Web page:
The importance (and discomfort) of avoiding the herd 

One of my favorite scenes in Monty Python’s Life of Brian goes something like this:

Brian: You’ve got to think for yourselves! You’re ALL individuals!
Crowd [in unison]: Yes! We’re ALL individuals!
Brian: You’re all different!
Crowd [in unison]: Yes! We are all different!
Man in crowd: I’m not!
The Crowd: Shhhh

Humans are biologically wired to stay within the herd for safety. But what if the herd is heading towards a cliff? In this environment, I increasingly believe what feels safe in the short-term (i.e. “cheap” legacy business models) may prove to be the riskiest assets over the long-term. My friend Joe Frankenfield, portfolio manager of Saga Partners, writes about some of these ideas—from behavioral psychology to long-term investing—in his Q4 letter. “While it may not feel like it at the time, significant volatility is in the investor’s long-term interests,” Joe writes. “An investor’s most significant advantage of investing in the public market is the ability to take advantage of it when an opportunity presents itself or to ignore it when they want to. The key is to never give up this advantage.”

“One thing will always remain true so long as human behavior does not change, people get excited when stocks go up and scared when stocks go down. With the help of hindsight, every market drawdown has been an opportunity. However, as we live through each new drawdown it always makes one consider, ‘Is this time different?’ We are wired to panic when others panic and get greedy when others are greedy despite the exact opposite behavior being far more lucrative when it comes to investing in publicly traded stocks.”


“Embracing your funk” is the only path to outperformance

Back in Issue 31 of The Nightcrawler I wrote about an essay by Chris Cerrone, in which he argued that selling a winning position too soon was perhaps the greatest mistake an investor can make. (I agree.) This week, Chris—a partner at Akre Capital Management—sat down with Bill Brewster for a conversation about everything from investing mistakes to valuation techniques to the idea of “cultivating quality” as a way of life. (H/T Rishi Gosalia)

“If you follow someone else’s path, you’ll never achieve that world-class performer status. You have to really embrace the core of who you are, and whatever it is that you’re doing…. You have to build the portfolio that is in harmony with your unique disposition. This makes it so that there is never a right or wrong answer…”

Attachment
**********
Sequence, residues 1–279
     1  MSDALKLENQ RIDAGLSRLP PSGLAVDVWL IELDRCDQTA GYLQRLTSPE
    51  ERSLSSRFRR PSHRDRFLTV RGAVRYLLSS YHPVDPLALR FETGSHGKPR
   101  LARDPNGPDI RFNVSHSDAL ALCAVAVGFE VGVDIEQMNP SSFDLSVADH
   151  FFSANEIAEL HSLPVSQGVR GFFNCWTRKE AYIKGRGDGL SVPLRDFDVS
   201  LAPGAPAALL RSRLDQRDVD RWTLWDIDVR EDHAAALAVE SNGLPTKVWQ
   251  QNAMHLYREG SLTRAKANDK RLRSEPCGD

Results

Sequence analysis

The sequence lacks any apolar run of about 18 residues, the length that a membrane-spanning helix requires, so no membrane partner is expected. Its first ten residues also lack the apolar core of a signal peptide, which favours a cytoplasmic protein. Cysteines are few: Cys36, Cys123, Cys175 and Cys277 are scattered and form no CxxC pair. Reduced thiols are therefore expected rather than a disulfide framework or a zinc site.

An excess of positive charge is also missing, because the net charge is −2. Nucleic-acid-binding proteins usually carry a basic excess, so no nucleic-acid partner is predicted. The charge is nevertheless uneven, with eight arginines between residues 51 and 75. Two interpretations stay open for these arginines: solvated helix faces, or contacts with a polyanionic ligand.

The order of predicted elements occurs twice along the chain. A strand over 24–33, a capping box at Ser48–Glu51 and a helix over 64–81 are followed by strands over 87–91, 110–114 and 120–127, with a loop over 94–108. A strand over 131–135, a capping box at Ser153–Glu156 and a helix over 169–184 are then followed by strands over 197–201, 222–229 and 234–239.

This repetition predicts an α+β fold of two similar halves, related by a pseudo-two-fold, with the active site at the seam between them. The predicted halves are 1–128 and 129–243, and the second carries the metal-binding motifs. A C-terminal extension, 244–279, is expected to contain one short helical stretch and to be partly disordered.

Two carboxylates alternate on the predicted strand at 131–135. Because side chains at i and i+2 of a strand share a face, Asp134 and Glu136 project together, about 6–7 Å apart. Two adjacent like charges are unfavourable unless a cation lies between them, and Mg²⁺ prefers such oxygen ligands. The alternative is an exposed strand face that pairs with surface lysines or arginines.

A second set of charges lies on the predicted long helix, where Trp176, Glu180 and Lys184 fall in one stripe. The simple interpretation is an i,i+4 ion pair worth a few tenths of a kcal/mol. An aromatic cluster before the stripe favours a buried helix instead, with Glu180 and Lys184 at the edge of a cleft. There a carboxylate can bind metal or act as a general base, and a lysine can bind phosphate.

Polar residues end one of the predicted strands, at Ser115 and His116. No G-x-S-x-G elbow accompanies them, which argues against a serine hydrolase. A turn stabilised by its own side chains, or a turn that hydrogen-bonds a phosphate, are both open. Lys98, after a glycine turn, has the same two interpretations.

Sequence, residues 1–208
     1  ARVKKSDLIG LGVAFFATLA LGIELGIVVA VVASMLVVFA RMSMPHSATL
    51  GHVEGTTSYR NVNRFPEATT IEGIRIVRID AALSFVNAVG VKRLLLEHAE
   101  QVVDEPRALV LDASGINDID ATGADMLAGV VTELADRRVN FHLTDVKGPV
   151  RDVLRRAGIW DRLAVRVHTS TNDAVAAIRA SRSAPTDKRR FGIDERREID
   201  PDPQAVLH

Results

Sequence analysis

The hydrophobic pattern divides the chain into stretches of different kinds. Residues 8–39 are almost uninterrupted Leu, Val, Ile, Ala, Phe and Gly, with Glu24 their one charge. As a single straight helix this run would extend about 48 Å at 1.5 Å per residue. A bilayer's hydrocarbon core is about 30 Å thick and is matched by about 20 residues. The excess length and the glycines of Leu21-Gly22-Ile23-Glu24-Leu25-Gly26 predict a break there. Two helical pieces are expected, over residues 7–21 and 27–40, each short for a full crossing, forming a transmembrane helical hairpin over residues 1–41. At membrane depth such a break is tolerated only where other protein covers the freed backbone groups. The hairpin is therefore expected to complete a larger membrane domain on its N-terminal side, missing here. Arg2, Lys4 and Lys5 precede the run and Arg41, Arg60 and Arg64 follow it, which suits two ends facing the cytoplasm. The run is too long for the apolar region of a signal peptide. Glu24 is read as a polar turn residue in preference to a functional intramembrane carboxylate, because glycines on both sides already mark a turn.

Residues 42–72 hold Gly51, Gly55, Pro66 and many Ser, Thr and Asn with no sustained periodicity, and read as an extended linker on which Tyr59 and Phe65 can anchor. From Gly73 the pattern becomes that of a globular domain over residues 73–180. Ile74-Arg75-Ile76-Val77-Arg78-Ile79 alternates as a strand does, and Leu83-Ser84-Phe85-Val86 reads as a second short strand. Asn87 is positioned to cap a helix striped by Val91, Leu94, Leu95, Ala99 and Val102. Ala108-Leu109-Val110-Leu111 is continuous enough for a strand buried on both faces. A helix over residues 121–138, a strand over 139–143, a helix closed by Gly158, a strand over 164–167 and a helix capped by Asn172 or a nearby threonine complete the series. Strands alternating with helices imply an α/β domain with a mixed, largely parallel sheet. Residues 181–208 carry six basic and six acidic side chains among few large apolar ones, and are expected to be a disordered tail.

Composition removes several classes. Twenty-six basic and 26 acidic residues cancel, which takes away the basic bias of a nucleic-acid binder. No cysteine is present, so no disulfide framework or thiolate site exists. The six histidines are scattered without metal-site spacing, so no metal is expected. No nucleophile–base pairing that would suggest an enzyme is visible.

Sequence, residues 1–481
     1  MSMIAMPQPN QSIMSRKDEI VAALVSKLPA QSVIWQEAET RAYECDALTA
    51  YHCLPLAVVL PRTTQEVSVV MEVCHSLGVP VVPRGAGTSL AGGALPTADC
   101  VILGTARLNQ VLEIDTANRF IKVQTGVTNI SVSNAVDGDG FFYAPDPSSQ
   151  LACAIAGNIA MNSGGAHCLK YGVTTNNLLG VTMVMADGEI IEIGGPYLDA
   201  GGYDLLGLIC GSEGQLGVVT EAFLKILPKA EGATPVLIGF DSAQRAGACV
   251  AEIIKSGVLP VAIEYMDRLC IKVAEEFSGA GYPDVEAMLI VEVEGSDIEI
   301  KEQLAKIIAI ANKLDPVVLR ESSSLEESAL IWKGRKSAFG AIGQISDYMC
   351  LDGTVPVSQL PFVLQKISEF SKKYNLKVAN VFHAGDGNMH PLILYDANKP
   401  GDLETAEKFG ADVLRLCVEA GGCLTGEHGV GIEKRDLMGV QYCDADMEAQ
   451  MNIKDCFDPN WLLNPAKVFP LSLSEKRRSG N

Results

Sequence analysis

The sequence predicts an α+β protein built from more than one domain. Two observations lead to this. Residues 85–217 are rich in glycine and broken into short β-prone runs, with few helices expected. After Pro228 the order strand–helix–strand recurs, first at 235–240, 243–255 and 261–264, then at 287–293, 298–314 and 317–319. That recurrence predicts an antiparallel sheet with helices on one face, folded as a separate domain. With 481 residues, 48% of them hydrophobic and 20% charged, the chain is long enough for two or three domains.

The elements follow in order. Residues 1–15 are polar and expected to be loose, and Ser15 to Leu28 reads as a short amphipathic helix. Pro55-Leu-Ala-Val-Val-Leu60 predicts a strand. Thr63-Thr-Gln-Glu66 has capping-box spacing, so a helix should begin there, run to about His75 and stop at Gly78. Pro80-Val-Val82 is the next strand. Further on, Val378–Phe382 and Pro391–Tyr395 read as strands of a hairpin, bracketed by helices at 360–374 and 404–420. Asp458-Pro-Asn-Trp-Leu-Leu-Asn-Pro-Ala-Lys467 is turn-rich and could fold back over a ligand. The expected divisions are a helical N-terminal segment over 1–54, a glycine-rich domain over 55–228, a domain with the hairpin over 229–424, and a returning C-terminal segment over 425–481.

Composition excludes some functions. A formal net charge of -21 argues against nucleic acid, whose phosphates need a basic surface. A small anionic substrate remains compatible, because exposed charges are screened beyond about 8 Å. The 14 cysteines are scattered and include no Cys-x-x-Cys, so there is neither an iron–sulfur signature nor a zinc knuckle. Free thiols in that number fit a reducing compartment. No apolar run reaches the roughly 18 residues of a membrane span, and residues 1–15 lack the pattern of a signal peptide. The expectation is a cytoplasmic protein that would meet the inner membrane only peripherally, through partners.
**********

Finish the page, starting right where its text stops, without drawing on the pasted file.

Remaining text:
The neuroscience of pressure

Reading this essay by clinical neuroscientist Louisa Nicola, I was struck by some of the similarities between tennis and investing. Obviously, stock picking is not a physical activity, but certain elements—endurance, conditioning, training, studying the field, understanding your opponents, dealing with pressure—share many similarities to competitive sports. “While most people run from pressure, great champions learn to run to and through it,” Louisa writes. “It challenges them and forces them to grow, to improve. Concentrate on breathing, focus on the process, focus on this very moment and performing each current skill as perfectly as possible and trust in your preparation.” (H/T John Huber)

“Athletes like Nadal who view the game as a challenge can often maintain composure and high levels of confidence. And with the extra energy and a sharpened concentration, they can utilize the full capacity of their working memory to analyze an on-court situation, formulate and execute the best strategy in real-time, hence helping them to thrive under pressure.”

A few more links I enjoyed: 

“In hindsight, those years gave OpenSea a crucial head start on competing NFT markets. Basic online marketplace systems had been around for decades, but OpenSea was implementing the familiar features in a new format. It’s simple for eBay to offer something for sale to a high bidder, but doing the same transaction with an NFT requires an intricate chain of smart contracts handling offers, proof of ownership, and secure exchange. OpenSea isn’t the only group implementing those contracts (and crucially, most of the systems are open source), but they still have the best system for it.”
“In the case of consciousness, the thing we are trying to explain is not publicly observable. And this is utterly unique. “
“One very important thing we have learned: setting out to play this game without being set up to play this game is likely to end in disaster. Tolerating volatility is not a natural state (for humans and investment firms at least) – this capability must be deliberately and carefully engineered. The unadjusted price of high volatility can be extreme pain, and can be fatal for your portfolio and/or investment business. There is a rare set of things that have to come together to be able to play the high returns with high volatility game.”
“Paul Kotas may be the most important person in internet advertising that almost nobody in advertising has ever heard of. Mention Kotas—the leader of Amazon’s burgeoning, multibillion-dollar ad businesses—around ad agencies, as The Information did to more than a half-dozen senior ad executives, and you’ll get blank stares. One of those executives, whose agency will spend between $100 million and $150 million on streaming video ads alone this year with Amazon, Google-stalked Kotas in the middle of a phone interview to see if he could recognize Kotas. He couldn’t.”

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